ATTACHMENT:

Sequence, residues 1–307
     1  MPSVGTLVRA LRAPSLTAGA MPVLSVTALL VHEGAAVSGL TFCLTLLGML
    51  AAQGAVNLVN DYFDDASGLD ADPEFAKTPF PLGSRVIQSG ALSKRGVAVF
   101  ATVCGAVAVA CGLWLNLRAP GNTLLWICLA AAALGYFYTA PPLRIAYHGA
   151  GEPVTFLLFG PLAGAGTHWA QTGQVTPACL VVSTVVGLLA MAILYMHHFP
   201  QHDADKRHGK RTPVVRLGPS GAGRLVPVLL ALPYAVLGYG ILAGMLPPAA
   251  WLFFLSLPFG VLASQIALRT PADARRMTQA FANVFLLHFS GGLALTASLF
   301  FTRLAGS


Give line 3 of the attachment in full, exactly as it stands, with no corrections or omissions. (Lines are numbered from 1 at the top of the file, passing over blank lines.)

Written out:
    51  AAQGAVNLVN DYFDDASGLD ADPEFAKTPF PLGSRVIQSG ALSKRGVAVF